Man-Eaters of Kumaon

Author Corbett, Jim
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Review

A truly engrossing book by a truly engrossing man. Jim Corbett was an ‘Englishman’ born and raised in India, and after gaining some fame and experience as a hunter, gradually came to earn a reputation (as he put it) of being more likely to photograph animals than to kill them—except for man-eaters and wounded or infirm animals whose proximity to humans and reliance on livestock made them likely to become such.

Corbett speaks eloquently on how it’s never malice or cruelty that causes tigers and leopards to take to killing people, and often emphasises the injuries, commonly human-caused, that drive them to such easy prey. Nonetheless he did what he saw had to be done, and over the course of some thirty-odd years, he killed 33 man-eating animals; 19 tigers and 14 leopards. The Champawat Tiger alone had killed 436 people (436 documented deaths, that is). These he would go after, often alone—maintaining throughout his book that he felt it would be too dangerous to have other people around, as the presence of multiple guns made accidents too likely, and preferring instead to stalk man-eating tigers through the jungle all by himself (or, sometimes, accompanied by a smallish dog called Robin). He shot many of them at what sounds to me like a shockingly close range; I guess an Indian jungle does not afford very great lines of sight, but the notion of shooting man-eating tigers from well within leaping distance is kind of discombobulating.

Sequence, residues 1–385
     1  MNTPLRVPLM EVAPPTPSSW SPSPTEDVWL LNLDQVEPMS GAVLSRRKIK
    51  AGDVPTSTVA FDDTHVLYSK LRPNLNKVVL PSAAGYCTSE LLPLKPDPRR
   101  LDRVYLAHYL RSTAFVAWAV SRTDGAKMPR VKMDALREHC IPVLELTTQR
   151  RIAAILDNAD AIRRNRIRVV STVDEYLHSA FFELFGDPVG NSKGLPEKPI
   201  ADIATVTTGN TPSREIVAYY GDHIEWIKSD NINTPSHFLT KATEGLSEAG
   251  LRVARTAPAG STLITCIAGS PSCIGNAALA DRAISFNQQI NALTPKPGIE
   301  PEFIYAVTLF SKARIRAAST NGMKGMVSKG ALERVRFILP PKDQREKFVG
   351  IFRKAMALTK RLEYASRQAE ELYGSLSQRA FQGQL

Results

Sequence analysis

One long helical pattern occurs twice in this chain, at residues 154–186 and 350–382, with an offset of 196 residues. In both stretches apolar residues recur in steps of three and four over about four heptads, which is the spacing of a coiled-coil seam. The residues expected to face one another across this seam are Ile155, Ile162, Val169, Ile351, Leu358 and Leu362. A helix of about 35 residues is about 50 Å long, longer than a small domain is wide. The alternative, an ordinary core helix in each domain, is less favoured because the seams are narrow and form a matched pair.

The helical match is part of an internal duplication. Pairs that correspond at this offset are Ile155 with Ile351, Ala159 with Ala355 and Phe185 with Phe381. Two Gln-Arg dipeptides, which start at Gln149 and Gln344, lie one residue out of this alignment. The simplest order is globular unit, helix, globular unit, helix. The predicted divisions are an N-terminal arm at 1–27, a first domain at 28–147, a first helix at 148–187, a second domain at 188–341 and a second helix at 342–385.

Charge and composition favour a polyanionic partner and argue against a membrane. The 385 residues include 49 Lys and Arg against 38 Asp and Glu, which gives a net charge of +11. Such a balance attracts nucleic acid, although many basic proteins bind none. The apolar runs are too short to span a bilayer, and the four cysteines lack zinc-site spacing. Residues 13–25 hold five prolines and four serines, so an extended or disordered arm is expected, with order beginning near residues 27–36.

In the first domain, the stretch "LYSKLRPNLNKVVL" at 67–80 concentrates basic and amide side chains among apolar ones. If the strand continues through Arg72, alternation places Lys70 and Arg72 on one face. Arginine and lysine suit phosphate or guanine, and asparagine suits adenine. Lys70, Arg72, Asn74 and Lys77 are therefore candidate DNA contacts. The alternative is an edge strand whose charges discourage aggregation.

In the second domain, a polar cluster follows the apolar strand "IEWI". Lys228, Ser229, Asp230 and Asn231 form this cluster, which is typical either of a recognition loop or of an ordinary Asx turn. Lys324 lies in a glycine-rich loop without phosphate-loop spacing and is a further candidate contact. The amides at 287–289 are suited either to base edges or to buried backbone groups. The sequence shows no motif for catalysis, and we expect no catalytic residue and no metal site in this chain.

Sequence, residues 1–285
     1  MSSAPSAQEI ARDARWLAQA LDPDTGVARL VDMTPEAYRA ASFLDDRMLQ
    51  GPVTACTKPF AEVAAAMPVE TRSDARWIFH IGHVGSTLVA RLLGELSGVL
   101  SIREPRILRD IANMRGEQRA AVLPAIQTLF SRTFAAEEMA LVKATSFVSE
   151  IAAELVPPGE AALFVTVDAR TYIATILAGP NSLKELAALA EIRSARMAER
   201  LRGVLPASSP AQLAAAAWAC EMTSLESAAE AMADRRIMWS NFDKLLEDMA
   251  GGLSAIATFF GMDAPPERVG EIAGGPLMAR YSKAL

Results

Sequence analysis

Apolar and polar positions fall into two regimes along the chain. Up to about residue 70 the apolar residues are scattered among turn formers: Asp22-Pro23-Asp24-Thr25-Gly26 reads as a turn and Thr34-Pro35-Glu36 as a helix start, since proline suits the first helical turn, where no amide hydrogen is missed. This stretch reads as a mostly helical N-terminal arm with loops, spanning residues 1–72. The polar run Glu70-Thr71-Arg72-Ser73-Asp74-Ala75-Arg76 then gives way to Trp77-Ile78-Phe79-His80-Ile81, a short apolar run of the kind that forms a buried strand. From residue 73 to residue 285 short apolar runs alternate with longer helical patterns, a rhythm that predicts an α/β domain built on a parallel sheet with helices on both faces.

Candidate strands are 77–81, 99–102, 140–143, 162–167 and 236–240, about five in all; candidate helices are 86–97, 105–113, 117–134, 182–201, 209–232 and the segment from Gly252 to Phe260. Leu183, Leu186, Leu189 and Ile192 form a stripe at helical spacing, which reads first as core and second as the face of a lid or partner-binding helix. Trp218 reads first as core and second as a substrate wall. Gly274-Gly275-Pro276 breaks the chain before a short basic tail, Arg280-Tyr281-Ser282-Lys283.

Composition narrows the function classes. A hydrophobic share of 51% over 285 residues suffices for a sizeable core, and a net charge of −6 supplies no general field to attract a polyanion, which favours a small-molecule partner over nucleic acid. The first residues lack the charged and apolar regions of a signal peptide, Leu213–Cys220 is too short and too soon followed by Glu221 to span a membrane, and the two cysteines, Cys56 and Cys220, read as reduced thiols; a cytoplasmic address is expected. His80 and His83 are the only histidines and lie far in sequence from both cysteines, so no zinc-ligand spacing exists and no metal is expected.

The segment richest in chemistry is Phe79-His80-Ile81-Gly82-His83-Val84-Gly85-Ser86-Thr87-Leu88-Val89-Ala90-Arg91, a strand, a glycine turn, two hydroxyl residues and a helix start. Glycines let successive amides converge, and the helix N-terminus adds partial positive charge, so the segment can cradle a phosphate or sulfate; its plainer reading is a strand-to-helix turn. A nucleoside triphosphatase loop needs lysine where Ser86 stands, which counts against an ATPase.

I’ve probably made it clear that Corbett was brave and that he had stories to tell; moreover, he could tell them. The style is elegant and succinct—another reviewer used the phrase “economy of language”, and I cannot do better than to repeat it. He also writes with a sense of humour, a sense of compassion and respect for the animals, and perhaps more notably from a white hunter in Imperial British India, respect for the native people, treating their fear of ravaging tigers as understandable and mentioning their religious practices in passing as quite natural, rather than sounding patronising.

Highly recommended, and full of moments of He did what? that I could not help but read out loud to the nearest person.

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